Fish have a lot to worry about these days, what with oil spills, Texas-sized islands of floating plastic debris, and overfishing -- but, according to the latest research, rising ocean temperatures are causing them quite a bit of stress as well. Biologists studying a particularly long-living fish in the Tasman Sea have discovered that, as waters continue to warm as a result of climate change, their usual growth cycles are pushed to the limit -- and the fish aren't the only ones who need to worry about it.Environmental data from the Tasman Sea dates back to the early 1940s, and since then researchers have measured an increase of 2 degrees Celsius for surface temperatures -- said to be among the most dramatic increases out of any place in the world. As oceans get warmer, say biologists, cold-blooded fish can generally cope with the change by increasing in size, but that only goes so far.
Morwong, a species of fish native to the region, were the focus of a recent study to determine the effect of rising temperatures. The fish can live to be around 100 years old, and typically do not migrate far beyond their breeding grounds -- making them the ideal fish for the research off the coast of Tasmania.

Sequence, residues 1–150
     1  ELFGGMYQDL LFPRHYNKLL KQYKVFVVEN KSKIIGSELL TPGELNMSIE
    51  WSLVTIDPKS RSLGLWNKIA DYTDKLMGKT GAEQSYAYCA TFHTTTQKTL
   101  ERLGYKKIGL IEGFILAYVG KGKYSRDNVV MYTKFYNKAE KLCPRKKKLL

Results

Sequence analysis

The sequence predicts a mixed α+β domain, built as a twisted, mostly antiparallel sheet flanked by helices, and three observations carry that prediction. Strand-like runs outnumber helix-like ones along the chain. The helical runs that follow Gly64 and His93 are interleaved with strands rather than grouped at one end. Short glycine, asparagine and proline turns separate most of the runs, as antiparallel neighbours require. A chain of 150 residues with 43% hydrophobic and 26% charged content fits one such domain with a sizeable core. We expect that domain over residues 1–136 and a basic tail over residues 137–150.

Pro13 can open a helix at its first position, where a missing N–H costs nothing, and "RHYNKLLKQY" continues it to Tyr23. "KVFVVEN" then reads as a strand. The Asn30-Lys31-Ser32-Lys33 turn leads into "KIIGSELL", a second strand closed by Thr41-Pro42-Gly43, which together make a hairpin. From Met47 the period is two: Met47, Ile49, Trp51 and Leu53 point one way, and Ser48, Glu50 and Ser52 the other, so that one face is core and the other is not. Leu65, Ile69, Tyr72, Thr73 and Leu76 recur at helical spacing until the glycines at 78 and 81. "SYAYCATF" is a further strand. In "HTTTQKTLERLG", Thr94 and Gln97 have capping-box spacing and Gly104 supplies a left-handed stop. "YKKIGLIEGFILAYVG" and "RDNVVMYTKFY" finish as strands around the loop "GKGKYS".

"By examining growth across a range that species inhabit, we found evidence of both slowing growth and increased physiological stress as higher temperatures impose a higher metabolic cost on fish at the warm edge of the range," co-author of the study, marine ecologist Ron Thresher, told Reuters.
The results of this study could have broad implications on the future success of commercial fishermen, particularly as the emission of greenhouse gases continue to lead to higher ocean surface temperatures throughout the globe. "A lot of commercial fish don't move very much," says Thresher.
The news comes on the heels of reports regarding the perilous state of the ocean's fish stocks, from environmental issues and overfishing. If current trends continue, the availability of a once-reliable source of food will be jeopardized, spelling disaster for a host of communities that rely on the fishing industry.